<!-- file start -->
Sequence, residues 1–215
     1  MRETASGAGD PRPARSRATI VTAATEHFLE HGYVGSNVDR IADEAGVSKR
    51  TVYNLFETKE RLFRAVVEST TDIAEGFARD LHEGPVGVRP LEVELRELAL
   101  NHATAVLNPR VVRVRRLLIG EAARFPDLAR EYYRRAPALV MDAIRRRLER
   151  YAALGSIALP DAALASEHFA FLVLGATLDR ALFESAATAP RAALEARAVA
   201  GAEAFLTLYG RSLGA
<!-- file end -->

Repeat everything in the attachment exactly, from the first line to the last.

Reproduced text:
Sequence, residues 1–215
     1  MRETASGAGD PRPARSRATI VTAATEHFLE HGYVGSNVDR IADEAGVSKR
    51  TVYNLFETKE RLFRAVVEST TDIAEGFARD LHEGPVGVRP LEVELRELAL
   101  NHATAVLNPR VVRVRRLLIG EAARFPDLAR EYYRRAPALV MDAIRRRLER
   151  YAALGSIALP DAALASEHFA FLVLGATLDR ALFESAATAP RAALEARAVA
   201  GAEAFLTLYG RSLGA